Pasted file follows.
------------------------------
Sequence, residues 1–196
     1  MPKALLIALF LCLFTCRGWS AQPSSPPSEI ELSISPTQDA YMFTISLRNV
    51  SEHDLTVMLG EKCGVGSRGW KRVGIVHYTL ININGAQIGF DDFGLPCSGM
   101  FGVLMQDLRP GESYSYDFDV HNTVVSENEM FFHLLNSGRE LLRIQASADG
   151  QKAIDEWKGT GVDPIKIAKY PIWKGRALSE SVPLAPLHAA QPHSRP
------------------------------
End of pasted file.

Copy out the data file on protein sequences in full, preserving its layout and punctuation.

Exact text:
Sequence, residues 1–196
     1  MPKALLIALF LCLFTCRGWS AQPSSPPSEI ELSISPTQDA YMFTISLRNV
    51  SEHDLTVMLG EKCGVGSRGW KRVGIVHYTL ININGAQIGF DDFGLPCSGM
   101  FGVLMQDLRP GESYSYDFDV HNTVVSENEM FFHLLNSGRE LLRIQASADG
   151  QKAIDEWKGT GVDPIKIAKY PIWKGRALSE SVPLAPLHAA QPHSRP